He has his health and ampler strength indeed
470 Than most have of his age.
POLIXENES  By my white beard,
 You offer him, if this be so, a wrong
 Something unfilial. Reason my son
 Should choose himself a wife, but as good reason
475 The father, all whose joy is nothing else
 But fair posterity, should hold some counsel
 In such a business.
FLORIZELL  I yield all this;
 But for some other reasons, my grave sir,

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ACT 4. SC. 4

480 Which ’tis not fit you know, I not acquaint
 My father of this business.
POLIXENES  Let him know ’t.
 He shall not.
POLIXENES  Prithee let him.
FLORIZELL 485 No, he must not.
 Let him, my son. He shall not need to grieve
 At knowing of thy choice.
FLORIZELL  Come, come, he must not.
 Mark our contract.
POLIXENES, removing his disguise 490 Mark your divorce,
 young sir,
 Whom son I dare not call. Thou art too base
 To be acknowledged. Thou a scepter’s heir
 That thus affects a sheep-hook!—Thou, old traitor,
495 I am sorry that by hanging thee I can
 But shorten thy life one week.—And thou, fresh
 Of excellent witchcraft, whom of force must know
 The royal fool thou cop’st with—
SHEPHERD 500 O, my heart!
 I’ll have thy beauty scratched with briers and made
 More homely than thy state.—For thee, fond boy,
 If I may ever know thou dost but sigh
 That thou no more shalt see this knack—as never
505 I mean thou shalt—we’ll bar thee from succession,
 Not hold thee of our blood, no, not our kin,
 Far’r than Deucalion off. Mark thou my words.
 Follow us to the court. To Shepherd. Thou, churl,
 for this time,
510 Though full of our displeasure, yet we free thee
 From the dead blow of it.—And you, enchantment,
 Worthy enough a herdsman—yea, him too,

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ACT 4. SC. 4

 That makes himself, but for our honor therein,
 Unworthy thee—if ever henceforth thou
515 These rural latches to his entrance open,
 Or hoop his body more with thy embraces,
 I will devise a death as cruel for thee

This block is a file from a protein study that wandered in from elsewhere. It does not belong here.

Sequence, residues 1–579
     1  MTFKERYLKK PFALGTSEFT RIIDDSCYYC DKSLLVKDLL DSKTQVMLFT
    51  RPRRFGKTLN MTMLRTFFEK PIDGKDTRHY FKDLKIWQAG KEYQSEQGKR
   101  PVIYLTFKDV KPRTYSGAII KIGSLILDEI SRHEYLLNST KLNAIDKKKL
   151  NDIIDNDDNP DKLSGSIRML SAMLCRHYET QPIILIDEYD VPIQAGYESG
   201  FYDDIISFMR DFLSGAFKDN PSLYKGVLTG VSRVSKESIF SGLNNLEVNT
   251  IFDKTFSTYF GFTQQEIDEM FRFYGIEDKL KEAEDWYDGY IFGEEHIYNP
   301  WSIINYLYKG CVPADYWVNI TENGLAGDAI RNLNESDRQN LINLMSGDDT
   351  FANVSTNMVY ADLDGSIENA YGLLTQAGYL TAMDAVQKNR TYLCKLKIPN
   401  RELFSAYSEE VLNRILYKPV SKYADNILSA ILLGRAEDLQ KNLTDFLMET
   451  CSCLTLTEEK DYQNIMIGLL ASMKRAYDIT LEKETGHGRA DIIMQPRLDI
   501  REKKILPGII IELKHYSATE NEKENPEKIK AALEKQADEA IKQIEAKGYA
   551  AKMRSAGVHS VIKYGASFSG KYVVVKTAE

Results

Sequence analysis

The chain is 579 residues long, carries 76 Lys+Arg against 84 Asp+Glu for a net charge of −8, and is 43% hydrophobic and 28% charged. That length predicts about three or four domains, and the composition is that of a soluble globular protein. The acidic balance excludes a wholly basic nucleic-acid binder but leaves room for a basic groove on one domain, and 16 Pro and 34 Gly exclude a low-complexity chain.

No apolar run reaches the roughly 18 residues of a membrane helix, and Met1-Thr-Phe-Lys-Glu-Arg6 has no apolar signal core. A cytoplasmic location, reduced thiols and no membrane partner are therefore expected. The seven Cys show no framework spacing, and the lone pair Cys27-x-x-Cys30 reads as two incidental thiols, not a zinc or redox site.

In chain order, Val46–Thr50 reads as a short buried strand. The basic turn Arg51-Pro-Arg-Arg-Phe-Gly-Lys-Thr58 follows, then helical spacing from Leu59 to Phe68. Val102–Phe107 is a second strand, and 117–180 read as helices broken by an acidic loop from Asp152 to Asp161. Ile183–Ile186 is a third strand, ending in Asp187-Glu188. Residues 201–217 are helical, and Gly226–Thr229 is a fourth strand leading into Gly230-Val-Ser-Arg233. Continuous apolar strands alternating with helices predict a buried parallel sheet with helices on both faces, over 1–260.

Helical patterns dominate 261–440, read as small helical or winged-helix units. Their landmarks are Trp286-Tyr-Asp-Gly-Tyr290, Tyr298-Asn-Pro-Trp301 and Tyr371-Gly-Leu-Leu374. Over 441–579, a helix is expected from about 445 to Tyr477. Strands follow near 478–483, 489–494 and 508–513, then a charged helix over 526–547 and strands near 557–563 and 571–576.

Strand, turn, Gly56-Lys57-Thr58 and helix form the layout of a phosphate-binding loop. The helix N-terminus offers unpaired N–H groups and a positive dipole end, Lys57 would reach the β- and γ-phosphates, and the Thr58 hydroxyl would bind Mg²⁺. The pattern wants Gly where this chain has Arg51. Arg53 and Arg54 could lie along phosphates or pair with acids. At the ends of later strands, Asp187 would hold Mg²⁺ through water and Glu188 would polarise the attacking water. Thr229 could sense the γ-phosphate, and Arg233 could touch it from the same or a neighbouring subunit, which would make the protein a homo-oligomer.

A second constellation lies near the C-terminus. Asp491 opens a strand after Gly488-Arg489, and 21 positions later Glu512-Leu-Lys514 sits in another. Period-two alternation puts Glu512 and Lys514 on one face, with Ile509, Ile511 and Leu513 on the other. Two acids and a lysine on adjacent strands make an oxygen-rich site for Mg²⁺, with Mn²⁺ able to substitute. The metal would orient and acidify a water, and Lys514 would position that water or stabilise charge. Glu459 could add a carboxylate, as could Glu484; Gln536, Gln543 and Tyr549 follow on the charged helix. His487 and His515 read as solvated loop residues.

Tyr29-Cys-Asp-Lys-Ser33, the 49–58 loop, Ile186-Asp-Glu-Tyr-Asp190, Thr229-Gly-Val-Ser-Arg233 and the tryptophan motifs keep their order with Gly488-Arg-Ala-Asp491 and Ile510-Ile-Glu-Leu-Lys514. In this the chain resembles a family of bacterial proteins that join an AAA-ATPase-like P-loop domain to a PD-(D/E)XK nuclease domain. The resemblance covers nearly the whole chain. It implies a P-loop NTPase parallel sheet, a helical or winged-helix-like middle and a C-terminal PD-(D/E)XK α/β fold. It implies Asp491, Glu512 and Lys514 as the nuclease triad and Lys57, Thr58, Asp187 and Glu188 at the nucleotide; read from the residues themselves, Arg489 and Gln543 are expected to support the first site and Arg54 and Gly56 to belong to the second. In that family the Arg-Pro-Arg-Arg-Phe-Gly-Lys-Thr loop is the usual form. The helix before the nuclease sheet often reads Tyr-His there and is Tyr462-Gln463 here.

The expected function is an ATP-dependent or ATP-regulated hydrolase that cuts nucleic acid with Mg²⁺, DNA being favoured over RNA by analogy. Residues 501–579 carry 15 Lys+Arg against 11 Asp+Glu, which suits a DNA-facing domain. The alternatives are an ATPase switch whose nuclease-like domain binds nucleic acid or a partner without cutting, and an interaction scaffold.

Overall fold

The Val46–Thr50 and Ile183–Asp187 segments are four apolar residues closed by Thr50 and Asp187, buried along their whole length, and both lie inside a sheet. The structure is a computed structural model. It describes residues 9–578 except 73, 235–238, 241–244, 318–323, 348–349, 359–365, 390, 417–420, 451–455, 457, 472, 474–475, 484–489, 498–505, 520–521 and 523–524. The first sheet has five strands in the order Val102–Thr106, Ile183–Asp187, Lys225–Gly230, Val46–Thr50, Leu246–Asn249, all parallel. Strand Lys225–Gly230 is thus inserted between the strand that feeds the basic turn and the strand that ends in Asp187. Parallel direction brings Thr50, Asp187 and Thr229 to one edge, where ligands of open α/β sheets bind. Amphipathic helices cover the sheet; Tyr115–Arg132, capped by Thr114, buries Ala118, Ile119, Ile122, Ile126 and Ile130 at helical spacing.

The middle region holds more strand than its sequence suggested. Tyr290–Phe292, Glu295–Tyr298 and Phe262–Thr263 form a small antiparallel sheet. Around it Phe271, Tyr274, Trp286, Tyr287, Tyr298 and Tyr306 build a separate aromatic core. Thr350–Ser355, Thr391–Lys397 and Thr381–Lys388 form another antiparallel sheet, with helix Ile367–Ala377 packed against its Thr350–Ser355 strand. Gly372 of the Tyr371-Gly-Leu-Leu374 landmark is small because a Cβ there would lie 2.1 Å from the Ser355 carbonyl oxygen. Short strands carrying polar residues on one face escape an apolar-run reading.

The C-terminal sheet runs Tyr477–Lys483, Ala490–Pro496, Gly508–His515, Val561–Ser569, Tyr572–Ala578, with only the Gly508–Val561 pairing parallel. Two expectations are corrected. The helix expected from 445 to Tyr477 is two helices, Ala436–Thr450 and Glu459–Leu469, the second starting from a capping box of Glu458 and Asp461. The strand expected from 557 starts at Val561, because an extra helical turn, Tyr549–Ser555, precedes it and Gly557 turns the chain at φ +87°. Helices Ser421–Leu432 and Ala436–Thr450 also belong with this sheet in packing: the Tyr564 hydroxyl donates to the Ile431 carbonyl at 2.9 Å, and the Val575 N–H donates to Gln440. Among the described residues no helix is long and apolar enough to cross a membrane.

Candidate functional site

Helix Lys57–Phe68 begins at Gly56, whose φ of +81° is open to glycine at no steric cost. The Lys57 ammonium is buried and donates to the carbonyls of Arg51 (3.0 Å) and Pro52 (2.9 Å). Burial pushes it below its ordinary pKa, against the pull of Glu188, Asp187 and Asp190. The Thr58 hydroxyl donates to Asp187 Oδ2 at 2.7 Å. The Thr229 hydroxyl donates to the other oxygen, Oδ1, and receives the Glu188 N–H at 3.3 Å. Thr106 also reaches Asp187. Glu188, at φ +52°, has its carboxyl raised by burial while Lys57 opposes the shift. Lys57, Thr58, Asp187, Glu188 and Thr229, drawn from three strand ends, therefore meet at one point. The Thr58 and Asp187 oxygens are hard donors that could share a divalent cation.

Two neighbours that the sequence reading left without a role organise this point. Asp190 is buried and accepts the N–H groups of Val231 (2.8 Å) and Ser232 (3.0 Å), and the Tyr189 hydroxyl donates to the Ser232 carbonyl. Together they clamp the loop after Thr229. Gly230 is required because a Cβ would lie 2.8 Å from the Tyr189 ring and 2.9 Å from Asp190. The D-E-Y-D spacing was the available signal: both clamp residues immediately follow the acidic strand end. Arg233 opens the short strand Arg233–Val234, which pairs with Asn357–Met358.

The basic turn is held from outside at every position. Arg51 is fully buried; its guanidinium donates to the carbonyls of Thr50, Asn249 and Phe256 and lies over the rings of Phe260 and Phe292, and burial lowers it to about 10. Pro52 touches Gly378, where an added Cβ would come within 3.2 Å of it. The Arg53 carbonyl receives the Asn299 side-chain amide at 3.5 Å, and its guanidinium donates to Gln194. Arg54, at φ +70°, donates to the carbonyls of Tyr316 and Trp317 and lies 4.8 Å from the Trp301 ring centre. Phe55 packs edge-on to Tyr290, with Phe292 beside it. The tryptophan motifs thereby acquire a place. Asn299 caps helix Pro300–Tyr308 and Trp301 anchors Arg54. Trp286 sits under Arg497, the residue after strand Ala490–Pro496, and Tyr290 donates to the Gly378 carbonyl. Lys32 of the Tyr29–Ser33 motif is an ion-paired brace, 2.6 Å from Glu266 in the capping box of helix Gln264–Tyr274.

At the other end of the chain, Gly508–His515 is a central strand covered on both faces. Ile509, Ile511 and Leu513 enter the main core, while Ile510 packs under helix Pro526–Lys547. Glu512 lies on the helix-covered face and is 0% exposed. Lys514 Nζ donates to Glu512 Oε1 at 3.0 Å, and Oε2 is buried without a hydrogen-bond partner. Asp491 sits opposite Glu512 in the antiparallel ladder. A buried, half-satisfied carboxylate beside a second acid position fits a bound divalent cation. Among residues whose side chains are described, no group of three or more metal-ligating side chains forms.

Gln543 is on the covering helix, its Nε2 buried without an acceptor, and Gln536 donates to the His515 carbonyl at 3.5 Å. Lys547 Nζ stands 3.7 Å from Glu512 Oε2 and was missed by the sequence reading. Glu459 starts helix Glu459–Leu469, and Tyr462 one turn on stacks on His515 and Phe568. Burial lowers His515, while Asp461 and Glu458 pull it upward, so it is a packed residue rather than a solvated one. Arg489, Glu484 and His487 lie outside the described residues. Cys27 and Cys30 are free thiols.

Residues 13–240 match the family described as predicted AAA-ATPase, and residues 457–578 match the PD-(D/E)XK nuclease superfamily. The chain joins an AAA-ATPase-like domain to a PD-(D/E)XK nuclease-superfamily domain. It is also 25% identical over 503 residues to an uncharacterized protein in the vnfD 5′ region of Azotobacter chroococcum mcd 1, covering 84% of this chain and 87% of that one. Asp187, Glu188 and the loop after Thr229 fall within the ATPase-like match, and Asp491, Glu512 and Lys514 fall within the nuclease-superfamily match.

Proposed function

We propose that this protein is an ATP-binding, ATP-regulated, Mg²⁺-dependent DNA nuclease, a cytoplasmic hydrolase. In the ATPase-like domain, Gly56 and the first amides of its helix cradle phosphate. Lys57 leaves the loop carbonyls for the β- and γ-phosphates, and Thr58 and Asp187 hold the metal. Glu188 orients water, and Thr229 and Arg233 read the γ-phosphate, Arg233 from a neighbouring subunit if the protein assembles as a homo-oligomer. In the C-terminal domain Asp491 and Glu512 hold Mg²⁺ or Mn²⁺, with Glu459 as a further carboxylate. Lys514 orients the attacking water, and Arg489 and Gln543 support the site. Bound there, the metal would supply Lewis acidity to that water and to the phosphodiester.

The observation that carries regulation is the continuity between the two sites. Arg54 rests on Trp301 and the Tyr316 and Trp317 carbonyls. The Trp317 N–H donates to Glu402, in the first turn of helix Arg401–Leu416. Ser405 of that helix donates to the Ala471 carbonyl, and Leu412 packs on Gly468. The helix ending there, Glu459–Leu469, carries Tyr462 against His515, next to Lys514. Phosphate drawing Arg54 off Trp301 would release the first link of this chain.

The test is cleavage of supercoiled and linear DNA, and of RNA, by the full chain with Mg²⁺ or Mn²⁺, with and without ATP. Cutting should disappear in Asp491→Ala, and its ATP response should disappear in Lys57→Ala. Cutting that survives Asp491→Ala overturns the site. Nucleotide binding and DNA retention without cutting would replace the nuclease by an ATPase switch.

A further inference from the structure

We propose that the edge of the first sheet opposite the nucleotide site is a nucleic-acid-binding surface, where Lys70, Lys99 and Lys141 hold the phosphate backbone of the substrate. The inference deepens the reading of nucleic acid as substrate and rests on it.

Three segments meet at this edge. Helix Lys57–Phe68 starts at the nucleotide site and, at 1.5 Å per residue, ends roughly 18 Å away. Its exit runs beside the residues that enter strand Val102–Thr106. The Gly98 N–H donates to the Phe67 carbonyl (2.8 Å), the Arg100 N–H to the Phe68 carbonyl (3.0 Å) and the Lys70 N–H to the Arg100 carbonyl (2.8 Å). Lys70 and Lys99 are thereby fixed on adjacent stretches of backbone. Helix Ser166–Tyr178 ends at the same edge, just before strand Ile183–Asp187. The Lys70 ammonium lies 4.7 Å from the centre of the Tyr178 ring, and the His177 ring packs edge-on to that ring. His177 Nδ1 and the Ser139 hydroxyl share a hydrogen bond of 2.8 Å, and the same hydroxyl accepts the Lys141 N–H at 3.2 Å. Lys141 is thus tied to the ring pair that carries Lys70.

As thou art tender to ’t.He exits.
PERDITA  Even here undone.
520 I was not much afeard, for once or twice
 I was about to speak and tell him plainly
 The selfsame sun that shines upon his court
 Hides not his visage from our cottage but
 Looks on alike. To Florizell. Will ’t please you, sir,
525 be gone?
 I told you what would come of this. Beseech you,
 Of your own state take care. This dream of mine—
 Being now awake, I’ll queen it no inch farther,
 But milk my ewes and weep.
CAMILLO, to Shepherd 530 Why, how now, father?
 Speak ere thou diest.
SHEPHERD  I cannot speak, nor think,
 Nor dare to know that which I know. To Florizell.
 O sir,
535 You have undone a man of fourscore three,
 That thought to fill his grave in quiet, yea,
 To die upon the bed my father died,
 To lie close by his honest bones; but now
 Some hangman must put on my shroud and lay me
540 Where no priest shovels in dust. To Perdita. O
 cursèd wretch,
 That knew’st this was the Prince, and wouldst
 To mingle faith with him!—Undone, undone!
545 If I might die within this hour, I have lived
 To die when I desire.He exits.
FLORIZELL, to Perdita  Why look you so upon me?
 I am but sorry, not afeard; delayed,

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ACT 4. SC. 4

 But nothing altered. What I was, I am,
550 More straining on for plucking back, not following
 My leash unwillingly.
CAMILLO  Gracious my lord,
 You know your father’s temper. At this time
 He will allow no speech, which I do guess
555 You do not purpose to him; and as hardly
 Will he endure your sight as yet, I fear.
 Then, till the fury of his Highness settle,
 Come not before him.
FLORIZELL  I not purpose it.
560 I think Camillo?
CAMILLO, removing his disguise  Even he, my lord.
PERDITA, to Florizell 
 How often have I told you ’twould be thus?
 How often said my dignity would last
 But till ’twere known?
FLORIZELL 565 It cannot fail but by
 The violation of my faith; and then
 Let nature crush the sides o’ th’ Earth together
 And mar the seeds within. Lift up thy looks.
 From my succession wipe me, father. I
570 Am heir to my affection.
CAMILLO  Be advised.
 I am, and by my fancy. If my reason
 Will thereto be obedient, I have reason.
 If not, my senses, better pleased with madness,
575 Do bid it welcome.
CAMILLO  This is desperate, sir.
 So call it; but it does fulfill my vow.
 I needs must think it honesty. Camillo,
 Not for Bohemia nor the pomp that may
580 Be thereat gleaned, for all the sun sees or
 The close earth wombs or the profound seas hides

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ACT 4. SC. 4

 In unknown fathoms, will I break my oath
 To this my fair beloved. Therefore, I pray you,
 As you have ever been my father’s honored friend,
585 When he shall miss me, as in faith I mean not
 To see him anymore, cast your good counsels
 Upon his passion. Let myself and fortune
 Tug for the time to come. This you may know
 And so deliver: I am put to sea
590 With her who here I cannot hold on shore.
 And most opportune to our need I have
 A vessel rides fast by, but not prepared
 For this design. What course I mean to hold
 Shall nothing benefit your knowledge, nor
595 Concern me the reporting.
CAMILLO  O my lord,
 I would your spirit were easier for advice
 Or stronger for your need.
FLORIZELL  Hark, Perdita.—
600 I’ll hear you by and by.
Florizell and Perdita walk aside.
CAMILLO  He’s irremovable,
 Resolved for flight. Now were I happy if
 His going I could frame to serve my turn,
 Save him from danger, do him love and honor,
605 Purchase the sight again of dear Sicilia